How to become a superannuation millionaire

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BECOMING a superannuation millionaire is not as impossible as many people might think.

Planned new rule changes will add some flexibility for savers but also take some away, and super specialists say its more important than ever to use the system to your advantage.

Despite uncertainty over proposed changes and extra confusion caused by the current election mess, supers low taxes mean it remains a great structure to hold assets before and during retirement.

Club Plus Super CEO Paul Cahill says holding a million dollars in super is not inconceivable. It can be boosted by extra regular contributions spread over many decades, selling an investment property and pumping the profits into super, or combining couples funds.

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The power of compound interest can grow a $100 weekly deposit into more than $1.2 million over a typical working lifetime.

If they work for 45 years, they are going to find they get very close to millionaire status if they do it correctly, Cahill says.

We often forget that for most people when they retire, there isnt one nest egg hatching but two. Speak to your fund about the rules and incentives that exist for partners.

Wealth On Track principal Steve Greatrex says it can be a good idea for couples to use each others contributions caps, particularly amid government plans to lower the limit on tax-deductible contributions such as salary sacrifice and employer payments to $25,000 a year.

I think people will have to start thinking about salary sacrifice earlier and more often, he says.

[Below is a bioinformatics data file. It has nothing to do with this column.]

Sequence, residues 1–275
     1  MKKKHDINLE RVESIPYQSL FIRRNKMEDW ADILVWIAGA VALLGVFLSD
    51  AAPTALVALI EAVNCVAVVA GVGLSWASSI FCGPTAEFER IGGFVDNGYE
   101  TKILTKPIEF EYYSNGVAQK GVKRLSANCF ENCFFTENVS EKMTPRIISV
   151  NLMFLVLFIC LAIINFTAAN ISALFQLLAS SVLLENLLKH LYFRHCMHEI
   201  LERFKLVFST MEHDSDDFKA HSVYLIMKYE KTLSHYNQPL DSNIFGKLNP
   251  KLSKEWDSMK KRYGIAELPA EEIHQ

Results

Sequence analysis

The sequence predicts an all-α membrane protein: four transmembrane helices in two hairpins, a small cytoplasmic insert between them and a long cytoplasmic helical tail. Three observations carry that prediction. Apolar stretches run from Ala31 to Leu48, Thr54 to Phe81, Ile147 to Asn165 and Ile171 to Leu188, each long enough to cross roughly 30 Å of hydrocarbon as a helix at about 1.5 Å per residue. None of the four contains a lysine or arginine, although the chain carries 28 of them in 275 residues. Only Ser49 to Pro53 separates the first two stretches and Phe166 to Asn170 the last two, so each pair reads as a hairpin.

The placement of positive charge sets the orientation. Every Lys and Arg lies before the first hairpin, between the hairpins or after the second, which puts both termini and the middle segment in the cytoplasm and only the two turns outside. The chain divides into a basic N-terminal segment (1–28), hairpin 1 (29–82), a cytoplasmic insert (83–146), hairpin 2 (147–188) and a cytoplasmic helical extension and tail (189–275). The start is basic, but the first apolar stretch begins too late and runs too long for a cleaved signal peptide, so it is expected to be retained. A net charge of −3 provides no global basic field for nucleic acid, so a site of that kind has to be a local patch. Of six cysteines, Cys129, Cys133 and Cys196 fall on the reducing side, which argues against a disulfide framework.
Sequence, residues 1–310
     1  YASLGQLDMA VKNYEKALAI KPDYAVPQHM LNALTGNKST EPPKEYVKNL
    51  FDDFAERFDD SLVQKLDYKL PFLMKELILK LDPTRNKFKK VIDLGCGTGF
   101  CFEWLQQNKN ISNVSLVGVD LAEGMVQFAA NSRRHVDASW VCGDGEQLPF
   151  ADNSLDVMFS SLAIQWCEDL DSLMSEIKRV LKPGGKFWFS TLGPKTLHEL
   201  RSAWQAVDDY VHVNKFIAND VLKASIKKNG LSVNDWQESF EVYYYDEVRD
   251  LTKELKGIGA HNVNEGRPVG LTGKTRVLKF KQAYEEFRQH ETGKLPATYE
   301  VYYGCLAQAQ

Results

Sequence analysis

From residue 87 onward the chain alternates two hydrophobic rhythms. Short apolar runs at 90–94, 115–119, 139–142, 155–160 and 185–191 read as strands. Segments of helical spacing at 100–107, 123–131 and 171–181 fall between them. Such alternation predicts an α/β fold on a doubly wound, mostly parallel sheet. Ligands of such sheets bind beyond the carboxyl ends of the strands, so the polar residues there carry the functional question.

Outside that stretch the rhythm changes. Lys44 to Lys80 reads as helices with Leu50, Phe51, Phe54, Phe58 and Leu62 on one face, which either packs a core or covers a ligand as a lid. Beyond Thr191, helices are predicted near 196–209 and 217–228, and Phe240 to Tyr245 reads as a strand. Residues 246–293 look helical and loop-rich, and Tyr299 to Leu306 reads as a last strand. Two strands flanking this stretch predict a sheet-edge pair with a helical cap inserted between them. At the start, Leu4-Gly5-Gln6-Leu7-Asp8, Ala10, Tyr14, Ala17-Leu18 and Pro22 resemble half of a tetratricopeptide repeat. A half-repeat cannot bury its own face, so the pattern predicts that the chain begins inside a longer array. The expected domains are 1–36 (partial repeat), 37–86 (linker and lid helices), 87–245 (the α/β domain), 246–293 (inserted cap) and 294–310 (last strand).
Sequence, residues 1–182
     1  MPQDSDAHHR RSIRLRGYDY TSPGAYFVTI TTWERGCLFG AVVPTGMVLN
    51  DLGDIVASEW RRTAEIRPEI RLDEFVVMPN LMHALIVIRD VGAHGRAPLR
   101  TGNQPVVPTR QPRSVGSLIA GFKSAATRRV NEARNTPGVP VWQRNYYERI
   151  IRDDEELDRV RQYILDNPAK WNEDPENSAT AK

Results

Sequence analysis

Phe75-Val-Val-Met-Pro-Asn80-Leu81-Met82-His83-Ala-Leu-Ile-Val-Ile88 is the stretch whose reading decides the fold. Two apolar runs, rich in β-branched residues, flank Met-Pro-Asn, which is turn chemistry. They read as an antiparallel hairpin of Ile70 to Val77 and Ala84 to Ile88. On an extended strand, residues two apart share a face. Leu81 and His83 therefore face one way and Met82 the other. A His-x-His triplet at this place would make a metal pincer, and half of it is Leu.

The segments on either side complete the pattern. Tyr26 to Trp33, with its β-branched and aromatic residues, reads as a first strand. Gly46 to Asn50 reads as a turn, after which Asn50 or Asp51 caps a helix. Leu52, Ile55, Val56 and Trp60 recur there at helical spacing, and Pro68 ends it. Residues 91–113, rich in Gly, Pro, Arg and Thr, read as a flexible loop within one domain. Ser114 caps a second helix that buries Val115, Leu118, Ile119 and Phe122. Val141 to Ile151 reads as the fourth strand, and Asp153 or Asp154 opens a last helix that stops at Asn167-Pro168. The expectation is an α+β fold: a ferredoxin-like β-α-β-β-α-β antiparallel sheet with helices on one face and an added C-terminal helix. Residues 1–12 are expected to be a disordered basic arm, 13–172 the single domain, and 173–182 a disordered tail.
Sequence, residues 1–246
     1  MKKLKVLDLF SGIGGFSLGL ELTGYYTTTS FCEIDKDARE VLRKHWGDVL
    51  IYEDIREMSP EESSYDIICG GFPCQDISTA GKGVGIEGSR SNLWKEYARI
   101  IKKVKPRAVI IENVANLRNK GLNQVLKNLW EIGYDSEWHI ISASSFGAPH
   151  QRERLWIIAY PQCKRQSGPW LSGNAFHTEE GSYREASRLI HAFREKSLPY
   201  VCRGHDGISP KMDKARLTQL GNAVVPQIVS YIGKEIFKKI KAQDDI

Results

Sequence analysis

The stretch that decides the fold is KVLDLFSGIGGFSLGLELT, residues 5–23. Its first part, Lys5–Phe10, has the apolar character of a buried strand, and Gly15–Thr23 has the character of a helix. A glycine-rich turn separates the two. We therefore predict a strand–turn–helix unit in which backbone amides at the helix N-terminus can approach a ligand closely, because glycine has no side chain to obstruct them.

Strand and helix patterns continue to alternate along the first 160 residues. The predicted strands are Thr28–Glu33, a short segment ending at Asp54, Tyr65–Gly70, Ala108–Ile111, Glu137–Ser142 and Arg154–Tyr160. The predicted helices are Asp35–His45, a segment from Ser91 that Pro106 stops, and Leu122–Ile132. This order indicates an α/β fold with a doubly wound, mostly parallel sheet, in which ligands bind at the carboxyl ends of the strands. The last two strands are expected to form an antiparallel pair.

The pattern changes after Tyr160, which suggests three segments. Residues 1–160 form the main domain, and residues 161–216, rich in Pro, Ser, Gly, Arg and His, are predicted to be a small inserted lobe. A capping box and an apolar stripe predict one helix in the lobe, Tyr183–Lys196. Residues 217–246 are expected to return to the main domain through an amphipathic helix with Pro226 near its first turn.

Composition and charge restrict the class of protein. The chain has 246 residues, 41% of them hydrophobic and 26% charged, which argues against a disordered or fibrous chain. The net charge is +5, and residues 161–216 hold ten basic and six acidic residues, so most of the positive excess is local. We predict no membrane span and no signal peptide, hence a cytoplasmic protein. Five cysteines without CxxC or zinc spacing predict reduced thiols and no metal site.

Its going to be harder to catch up now with the lower caps.

A divided federal Parliament increases the chances that the cut to the cap will not be legislated. Other positive changes such as allowing older Australians to contribute, allowing people to make limited catch-up contributions, and allowing personal tax deductions for anyone who pumps money into super are more likely to get the go-ahead.

Greatrex says while some of the new flexible measures will be useful, they will not offset the negative impact of the proposed lower contribution caps.

Cahill says depositing $25,000 into super each year sounds good in theory but people in their 20s or 30s are unlikely to do this. But $25,000 for a 50-year-old they can often put in the whole lot and then some.

The 45-50 bracket is when people switch onto super.

The key is to get good advice and structure your savings correctly, Cahill says.

If people want to get to millionaire status they have to use the system to their advantage.

There is a common perception that super isnt real money because it isnt immediately accessible, but the reality is that Australians are living longer than ever before and the money you have in your super fund will feel very real when youve stopped working and its yours to do with as you wish.